Conversational commerce “C-Commerce” is a fast growing industry, utilising emergent artificial intelligence technology. What exactly is it and what are the implications for business and government. I will try to address these questions in this guide.
E-Commerce, M-Commerce … C-Commerce
It all started with the e-commerce revolution. Consumers could place online orders using their computers. Smartphones and tablets emerged, and the industry adapted. Websites were optimised for Smartphones and other mobile devices. M-Commerce was born.
Mobile instant messaging platforms such as WhatsApp emerged and yet again the industry is adapting. Businesses are now selling over WhatsApp and other messaging platforms. We call this phenomenon C-Commerce or Conversational Commerce What’s the appeal? Firstly the messaging platforms are so prevalent. WhatsApp alone has over 2 billion monthly active users. Businesses want to be where their customers are.
Messaging platforms also allow businesses to treat customers as individuals. Every customer is different and every conversation is personal. Contrast this to a typical e-commerse site which looks and behaves the same way for every visitor. For most businesses, employing agents to chat with customers isn’t economically viable. This is where artificial intelligence comes into play. Artificial Intelligence replaces human agents. Systems (“bots”) chat to customers to understand their needs, offer advice and recommend products. Find a quick guide to AI at the end of this article.
The market is large and growing quickly. Consumer retail spend via chatbots is forecast to hit $142bn USD by 2024, up from just $2.8bn in 2019.
Major players in the sector
Facebook is investing heavily in the C-Commerce space, through their WhatsApp Business API and Messenger Platform. The tech giants all have chatbot offerings, notably Google Dialogflow, Amazon Lex and the Microsoft Bot framework. However, as explained below, a chatbot is not in itself a C-Commerce platform. Unlike these offerings our own C-Commerce platform is not a chatbot. It’s a C-Commerce platform built specifically for online retailers.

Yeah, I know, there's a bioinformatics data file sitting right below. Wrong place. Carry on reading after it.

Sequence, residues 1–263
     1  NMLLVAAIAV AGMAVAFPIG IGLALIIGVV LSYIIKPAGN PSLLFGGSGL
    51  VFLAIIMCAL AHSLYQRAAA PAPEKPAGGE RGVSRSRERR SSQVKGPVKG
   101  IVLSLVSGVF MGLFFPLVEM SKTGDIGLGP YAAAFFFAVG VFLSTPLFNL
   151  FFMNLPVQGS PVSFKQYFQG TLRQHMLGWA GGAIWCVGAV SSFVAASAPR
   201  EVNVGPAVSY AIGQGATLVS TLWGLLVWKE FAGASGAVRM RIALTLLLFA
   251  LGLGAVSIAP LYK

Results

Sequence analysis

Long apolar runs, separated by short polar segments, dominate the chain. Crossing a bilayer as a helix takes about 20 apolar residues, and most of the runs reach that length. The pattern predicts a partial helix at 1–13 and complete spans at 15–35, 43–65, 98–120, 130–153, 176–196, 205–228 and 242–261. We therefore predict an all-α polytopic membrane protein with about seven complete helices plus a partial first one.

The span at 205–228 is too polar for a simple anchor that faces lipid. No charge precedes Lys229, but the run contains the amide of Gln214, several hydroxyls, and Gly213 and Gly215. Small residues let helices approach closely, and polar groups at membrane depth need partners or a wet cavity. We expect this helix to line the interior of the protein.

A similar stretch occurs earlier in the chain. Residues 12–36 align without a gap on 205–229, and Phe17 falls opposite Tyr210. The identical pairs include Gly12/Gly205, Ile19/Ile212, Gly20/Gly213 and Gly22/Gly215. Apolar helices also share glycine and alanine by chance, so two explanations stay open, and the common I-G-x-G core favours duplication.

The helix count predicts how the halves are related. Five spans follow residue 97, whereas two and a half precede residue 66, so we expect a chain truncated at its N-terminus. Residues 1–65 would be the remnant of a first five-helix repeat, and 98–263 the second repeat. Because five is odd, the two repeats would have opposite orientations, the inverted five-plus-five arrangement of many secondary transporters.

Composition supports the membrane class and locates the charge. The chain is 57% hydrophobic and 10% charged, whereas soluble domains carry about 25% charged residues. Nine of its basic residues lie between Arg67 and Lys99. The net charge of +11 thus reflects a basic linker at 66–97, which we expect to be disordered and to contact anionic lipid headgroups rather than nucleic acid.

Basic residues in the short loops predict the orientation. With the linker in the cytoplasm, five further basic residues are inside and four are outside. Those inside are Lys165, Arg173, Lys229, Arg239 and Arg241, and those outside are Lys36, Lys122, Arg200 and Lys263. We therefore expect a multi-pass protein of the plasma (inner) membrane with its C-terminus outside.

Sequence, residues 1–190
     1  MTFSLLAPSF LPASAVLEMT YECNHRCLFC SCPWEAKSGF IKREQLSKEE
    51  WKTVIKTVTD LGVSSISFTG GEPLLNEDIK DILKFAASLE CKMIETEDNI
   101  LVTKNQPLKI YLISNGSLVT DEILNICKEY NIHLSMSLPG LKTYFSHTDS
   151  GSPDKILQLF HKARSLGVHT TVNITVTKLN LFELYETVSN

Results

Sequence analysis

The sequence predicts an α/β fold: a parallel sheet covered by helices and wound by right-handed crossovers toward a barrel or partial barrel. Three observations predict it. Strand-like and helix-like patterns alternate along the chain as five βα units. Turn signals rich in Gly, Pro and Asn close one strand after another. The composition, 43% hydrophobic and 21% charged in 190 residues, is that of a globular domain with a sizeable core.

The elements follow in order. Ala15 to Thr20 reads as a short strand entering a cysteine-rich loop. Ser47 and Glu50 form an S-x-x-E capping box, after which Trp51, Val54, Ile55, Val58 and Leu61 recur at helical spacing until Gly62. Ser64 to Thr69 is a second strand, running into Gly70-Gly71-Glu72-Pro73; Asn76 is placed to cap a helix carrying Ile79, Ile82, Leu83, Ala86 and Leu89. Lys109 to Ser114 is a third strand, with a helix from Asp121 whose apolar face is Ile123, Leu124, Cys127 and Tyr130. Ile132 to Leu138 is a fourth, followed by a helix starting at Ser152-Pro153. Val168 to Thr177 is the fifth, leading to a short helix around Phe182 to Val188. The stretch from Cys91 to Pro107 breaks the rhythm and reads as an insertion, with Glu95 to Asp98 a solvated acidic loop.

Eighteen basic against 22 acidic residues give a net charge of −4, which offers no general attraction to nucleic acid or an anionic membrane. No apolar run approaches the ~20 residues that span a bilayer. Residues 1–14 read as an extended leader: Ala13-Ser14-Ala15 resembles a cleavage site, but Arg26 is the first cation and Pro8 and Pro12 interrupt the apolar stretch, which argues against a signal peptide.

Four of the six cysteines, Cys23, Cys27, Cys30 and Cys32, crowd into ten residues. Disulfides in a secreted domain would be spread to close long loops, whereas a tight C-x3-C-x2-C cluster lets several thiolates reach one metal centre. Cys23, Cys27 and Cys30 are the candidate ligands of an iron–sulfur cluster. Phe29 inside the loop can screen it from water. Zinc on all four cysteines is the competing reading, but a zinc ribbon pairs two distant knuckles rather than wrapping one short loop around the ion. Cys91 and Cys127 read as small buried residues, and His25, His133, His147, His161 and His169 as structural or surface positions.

One of the first adopters of conversational commerce was the US based florist 1-800-FLOWERS.COM back in 2016. 1-800-FLOWERS offer their customers a concierge service over the major chat platforms. The company’s CEO, Chris McCann describes conversational commerce as the “fifth wave” of retail, and the company continues to invest in this emergent technology today.
Implications for business
Large businesses are already starting to invest in C-Commerce. Messaging platforms, notably Facebook, are developing API’s or “gateways” which allow merchants to automate conversations with their customers. Some businesses stand to gain, and some will lose:
The high street - High street retailers are already struggling to compete with online merchants. AI powered conversational commerce allows online retailers to offer personal help and advice to every customer. We recently spoke to 3 large clothing retailers about their plans. All three said they plan to close retail outlets but invest in AI.